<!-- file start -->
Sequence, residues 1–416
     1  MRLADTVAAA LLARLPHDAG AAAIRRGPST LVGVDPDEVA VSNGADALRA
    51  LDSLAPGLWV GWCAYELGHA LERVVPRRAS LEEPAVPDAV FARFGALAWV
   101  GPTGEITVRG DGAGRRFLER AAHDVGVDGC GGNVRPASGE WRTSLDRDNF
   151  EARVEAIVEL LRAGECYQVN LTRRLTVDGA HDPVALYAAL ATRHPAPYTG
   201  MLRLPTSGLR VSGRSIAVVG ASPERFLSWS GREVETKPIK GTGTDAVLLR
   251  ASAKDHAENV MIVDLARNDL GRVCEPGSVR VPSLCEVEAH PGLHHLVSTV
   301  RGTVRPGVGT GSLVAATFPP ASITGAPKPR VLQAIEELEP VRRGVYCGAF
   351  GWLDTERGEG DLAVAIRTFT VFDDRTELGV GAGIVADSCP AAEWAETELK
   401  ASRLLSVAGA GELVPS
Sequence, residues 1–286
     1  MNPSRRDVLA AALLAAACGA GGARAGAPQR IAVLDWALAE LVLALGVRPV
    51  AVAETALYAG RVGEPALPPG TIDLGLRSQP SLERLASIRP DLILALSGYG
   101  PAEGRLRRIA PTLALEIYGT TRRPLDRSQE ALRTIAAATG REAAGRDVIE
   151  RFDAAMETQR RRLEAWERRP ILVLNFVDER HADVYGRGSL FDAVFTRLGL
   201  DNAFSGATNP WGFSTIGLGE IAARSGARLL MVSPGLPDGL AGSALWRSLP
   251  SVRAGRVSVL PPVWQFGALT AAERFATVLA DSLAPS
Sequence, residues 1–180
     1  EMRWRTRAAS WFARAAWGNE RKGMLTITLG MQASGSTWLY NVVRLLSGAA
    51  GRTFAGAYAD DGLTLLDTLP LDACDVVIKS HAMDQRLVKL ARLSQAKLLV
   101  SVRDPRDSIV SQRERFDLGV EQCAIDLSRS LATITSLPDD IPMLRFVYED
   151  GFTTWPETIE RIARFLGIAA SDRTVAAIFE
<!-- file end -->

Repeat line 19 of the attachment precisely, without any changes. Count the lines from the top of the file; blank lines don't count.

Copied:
     1  EMRWRTRAAS WFARAAWGNE RKGMLTITLG MQASGSTWLY NVVRLLSGAA